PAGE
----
9% of a huge number is... a huge number.
I just don't have a burning need to check my FB notifications. But I'll still check FB a couple times a day. No need for the app, but I haven't deleted my FB account either.
I also prefer the stripped down web version which is "free" on mobile connections in places like the Philippines. No images, no video, just plain text in an ugly interface. Perfect.
I dialed back Facebook because it ate time better spent doing other things, and I like myself better when I'm not yelling at people who are wrong on the Internet so much.
At least thats how it was 1,5yrs ago or so, haven't tried it since then again.
Every single time this morning that I refreshed the page, I saw a few articles poof away. They really want me to see the tabloid crap I marked as don't want to see.
Facebook could be processing this client side instead of serving the content already filtered so you could un-hide content almost instantly. Either that or ease of development.
I've gotten the impression from several accounts that, despite their prestige, Facebook's application code is often unbelievably janky, and this just confirms that.
I disagree. A cookie jar doesn't encourage you to make bad choices by nagging you to eat another cookie if you haven't had one in while. Facebook will try to grab your attention any way it can to get you to make the bad choice to open up their app another time. A practical and effective way to escape those attempts is to delete their software from your devices.
There's also an argument to be made, that cookie makers want you to keep eating cookies, just like Facebook wants you to keep "sharing". Facebook has an advantage (living on a device you obsess over), however those cookies you hid on top of your refrigerator ... are they whispering to me?
That is another way to do it, but it might not fit many people's lifestyles as well intermediate measures like deleting the app. Facebook is a communication channel, just like email and the telephone, and totally deleting your account has definite costs that vary from person to person. I think it's totally fine for people to manage how they make their own tradeoffs, and I know for a fact that the most extreme action is often more than is really required to get resuts.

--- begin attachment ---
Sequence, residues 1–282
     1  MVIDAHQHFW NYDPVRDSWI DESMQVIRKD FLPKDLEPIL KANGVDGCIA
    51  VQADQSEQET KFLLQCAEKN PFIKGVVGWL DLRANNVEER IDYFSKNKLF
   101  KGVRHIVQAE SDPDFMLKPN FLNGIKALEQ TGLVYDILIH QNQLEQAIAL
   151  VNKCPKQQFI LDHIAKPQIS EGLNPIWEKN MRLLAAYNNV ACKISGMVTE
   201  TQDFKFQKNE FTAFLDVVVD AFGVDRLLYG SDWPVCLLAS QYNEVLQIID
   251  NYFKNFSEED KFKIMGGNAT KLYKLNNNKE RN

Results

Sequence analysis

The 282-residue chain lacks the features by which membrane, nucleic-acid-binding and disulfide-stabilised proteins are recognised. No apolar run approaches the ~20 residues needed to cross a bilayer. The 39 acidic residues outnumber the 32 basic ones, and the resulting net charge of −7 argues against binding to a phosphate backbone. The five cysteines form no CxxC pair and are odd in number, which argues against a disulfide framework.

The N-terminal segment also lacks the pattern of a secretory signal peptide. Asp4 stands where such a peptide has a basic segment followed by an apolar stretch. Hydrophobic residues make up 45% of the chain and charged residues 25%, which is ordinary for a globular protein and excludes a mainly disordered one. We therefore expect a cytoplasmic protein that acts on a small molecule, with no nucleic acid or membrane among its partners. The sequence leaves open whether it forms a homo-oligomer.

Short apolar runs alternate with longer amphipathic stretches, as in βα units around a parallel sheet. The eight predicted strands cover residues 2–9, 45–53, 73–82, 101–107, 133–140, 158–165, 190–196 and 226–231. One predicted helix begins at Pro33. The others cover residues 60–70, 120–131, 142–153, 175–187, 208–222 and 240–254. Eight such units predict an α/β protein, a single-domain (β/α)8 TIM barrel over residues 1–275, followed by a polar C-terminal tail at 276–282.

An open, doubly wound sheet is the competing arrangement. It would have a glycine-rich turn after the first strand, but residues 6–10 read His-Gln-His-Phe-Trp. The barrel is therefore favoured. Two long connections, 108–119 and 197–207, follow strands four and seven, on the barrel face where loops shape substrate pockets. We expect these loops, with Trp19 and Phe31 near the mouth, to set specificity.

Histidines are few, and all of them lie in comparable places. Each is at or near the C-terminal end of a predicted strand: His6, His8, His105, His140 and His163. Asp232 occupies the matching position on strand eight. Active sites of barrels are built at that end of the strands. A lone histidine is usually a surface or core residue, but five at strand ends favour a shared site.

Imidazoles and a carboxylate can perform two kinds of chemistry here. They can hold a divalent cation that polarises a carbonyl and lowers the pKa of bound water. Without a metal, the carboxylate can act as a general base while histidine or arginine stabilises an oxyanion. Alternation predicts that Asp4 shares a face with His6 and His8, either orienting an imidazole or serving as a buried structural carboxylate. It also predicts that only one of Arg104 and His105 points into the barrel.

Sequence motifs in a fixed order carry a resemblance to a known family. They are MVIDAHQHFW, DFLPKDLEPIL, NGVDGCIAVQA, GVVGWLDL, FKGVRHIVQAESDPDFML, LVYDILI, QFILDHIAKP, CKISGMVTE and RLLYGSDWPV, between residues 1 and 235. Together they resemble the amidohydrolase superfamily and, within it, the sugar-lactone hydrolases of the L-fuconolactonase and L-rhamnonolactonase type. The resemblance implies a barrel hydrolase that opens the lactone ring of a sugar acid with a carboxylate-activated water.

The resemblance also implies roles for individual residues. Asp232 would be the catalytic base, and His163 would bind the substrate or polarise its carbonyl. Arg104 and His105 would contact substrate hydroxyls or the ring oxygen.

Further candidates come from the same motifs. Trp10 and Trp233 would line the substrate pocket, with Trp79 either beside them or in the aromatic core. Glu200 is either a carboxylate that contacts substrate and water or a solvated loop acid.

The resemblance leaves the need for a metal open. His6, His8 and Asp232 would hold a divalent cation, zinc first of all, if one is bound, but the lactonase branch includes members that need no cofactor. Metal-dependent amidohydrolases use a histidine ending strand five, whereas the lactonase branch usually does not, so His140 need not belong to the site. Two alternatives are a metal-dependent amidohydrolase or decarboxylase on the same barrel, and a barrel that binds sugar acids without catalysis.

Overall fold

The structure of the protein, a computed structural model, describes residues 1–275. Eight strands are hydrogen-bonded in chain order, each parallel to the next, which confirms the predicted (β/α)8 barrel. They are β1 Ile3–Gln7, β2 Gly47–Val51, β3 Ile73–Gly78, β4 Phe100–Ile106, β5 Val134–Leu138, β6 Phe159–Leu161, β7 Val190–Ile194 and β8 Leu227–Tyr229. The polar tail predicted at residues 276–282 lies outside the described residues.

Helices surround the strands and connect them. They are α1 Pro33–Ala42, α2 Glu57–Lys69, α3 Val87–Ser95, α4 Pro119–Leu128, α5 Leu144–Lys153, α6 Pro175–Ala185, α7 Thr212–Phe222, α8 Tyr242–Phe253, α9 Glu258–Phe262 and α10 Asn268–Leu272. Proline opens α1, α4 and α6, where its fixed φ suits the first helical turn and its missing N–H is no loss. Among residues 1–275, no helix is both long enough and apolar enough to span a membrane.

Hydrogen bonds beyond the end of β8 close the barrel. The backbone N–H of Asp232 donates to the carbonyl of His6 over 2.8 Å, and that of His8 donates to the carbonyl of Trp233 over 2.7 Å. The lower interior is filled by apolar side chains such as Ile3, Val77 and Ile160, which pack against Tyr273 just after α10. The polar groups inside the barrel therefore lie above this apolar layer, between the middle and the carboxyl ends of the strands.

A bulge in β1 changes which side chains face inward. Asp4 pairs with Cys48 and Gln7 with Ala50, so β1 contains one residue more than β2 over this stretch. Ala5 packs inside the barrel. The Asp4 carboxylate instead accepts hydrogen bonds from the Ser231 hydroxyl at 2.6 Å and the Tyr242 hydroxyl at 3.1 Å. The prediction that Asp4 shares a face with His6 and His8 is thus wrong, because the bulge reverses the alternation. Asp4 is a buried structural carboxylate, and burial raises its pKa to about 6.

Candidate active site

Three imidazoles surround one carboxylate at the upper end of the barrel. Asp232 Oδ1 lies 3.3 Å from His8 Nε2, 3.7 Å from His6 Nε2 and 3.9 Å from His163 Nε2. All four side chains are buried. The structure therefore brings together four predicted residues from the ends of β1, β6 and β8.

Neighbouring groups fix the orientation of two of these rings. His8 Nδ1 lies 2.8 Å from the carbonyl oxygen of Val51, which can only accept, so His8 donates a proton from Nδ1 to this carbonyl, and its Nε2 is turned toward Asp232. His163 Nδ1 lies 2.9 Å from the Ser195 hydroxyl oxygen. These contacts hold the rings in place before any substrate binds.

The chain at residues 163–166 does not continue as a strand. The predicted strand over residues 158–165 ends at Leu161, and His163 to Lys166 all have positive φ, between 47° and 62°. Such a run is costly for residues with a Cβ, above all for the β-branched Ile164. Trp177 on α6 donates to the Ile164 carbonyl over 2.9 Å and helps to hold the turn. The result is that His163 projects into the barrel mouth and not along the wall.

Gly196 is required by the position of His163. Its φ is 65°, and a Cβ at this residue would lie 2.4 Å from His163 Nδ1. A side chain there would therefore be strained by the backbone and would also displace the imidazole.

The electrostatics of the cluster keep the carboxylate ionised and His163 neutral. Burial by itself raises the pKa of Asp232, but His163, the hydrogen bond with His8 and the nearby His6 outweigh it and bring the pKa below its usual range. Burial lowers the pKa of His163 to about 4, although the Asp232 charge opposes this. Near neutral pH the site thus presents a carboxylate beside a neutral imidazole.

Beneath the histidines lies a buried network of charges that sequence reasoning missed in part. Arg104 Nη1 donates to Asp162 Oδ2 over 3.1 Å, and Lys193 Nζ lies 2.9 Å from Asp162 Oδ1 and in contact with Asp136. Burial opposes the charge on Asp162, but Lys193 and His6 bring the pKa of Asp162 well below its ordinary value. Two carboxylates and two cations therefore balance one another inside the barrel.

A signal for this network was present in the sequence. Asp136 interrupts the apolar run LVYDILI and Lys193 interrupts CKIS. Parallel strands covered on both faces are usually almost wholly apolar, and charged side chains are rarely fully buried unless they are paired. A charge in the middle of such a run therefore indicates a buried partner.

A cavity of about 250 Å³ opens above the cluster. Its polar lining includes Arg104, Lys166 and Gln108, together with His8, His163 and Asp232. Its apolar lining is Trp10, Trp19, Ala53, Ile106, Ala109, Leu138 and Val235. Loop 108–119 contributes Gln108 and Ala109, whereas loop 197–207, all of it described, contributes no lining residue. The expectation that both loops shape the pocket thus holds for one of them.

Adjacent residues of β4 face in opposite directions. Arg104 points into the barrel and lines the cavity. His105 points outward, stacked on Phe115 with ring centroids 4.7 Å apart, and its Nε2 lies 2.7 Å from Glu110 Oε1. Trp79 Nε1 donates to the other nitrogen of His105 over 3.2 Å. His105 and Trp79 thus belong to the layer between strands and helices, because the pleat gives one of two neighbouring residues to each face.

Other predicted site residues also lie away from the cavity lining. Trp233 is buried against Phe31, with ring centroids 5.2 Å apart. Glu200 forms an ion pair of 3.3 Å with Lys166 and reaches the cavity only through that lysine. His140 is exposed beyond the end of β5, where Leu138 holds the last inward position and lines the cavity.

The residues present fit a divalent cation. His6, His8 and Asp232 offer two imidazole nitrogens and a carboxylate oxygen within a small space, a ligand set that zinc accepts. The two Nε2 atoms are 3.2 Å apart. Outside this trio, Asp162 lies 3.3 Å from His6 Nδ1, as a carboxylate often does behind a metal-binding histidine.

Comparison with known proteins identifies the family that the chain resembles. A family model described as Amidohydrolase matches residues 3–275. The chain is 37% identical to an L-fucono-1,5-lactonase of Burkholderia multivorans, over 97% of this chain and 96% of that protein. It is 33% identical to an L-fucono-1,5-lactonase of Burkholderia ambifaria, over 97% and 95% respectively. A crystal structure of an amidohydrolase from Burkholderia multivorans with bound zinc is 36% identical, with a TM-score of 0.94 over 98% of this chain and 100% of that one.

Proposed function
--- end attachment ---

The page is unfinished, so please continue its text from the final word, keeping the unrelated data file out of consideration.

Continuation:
Take myself, for example. I'm quite anti-facebook and hardly ever use their software. But I haven't deleted my account because I have friends and acquaintances who still use it for event planning, and I don't want to be either left out or be a prima donna demands special treatment. I get an email notification when I get an invite, and I only log in to RSVP and check the event info.
I don’t remember the last time I’ve logged in to Facebook (over 7 years ago?) and I assure you my social life is more robust than ever. If you don’t like Facebook or what it’s turning the world into, the only thing stopping you from quitting is yourself.
I could use one of those to plan an event, but there's no way that I can force people to use them to invite me to and event they're planning instead of Facebook. If they choose to use Facebook, I'm not getting an invite unless I have a Facebook account.
My solution to that problem is to leave up a vestigial Facebook account that I never use and very obviously communicates that I no longer use the site. It contributes to the impression that Facebook use declining and ensures I won't miss anything.
In practice, it means signing up for another service for most people. Social penetration of Meetup/Evite/etc is far lower than that of Facebook.
I have a very active social life, and have never been on FB.
Plus I have much stricter controls on Instagram and only allow a few people to see my photos and videos.
Especially insofar as it includes this topline note:
> The survey does not measure usage of Facebook's Instagram, WhatsApp and Messenger, all of which remain popular overseas, and does not measure Facebook's continuing growth overseas.
 usable via third party providers, for example Twilio
For example I notice that when in Germany, Whatsapp adoption is quite high, because SMS rates are absolutely ridiculous. Other countries... less so.
I still get SMS (and email, but SMS frankly still pushes more reliably than data based systems) notifications for my airlines, and that also certainly qualifies as Not An Extra App :)
Aaaand last airport I flew through had a wifi signup which required your phone number.
To send you an SMS.
With a code for the wifi.
I'll continue to take my SMS notifications (and emails, which also have nice well-known offline sync properties...) over any more modern appy things, please and thank you.
So many bits of missing information that prevent these stats from actually providing meaningful insight.
> "Overall, 26 percent of survey respondents say they deleted the app, while 42 percent have "taken a break" for several weeks or more, and 54 percent have adjusted their privacy settings."
I would be curious to see additional breakdowns. Sure 26% deleted the app, but are they still using messenger? How many are using a web version of Facebook or have stopped using the platform entirely?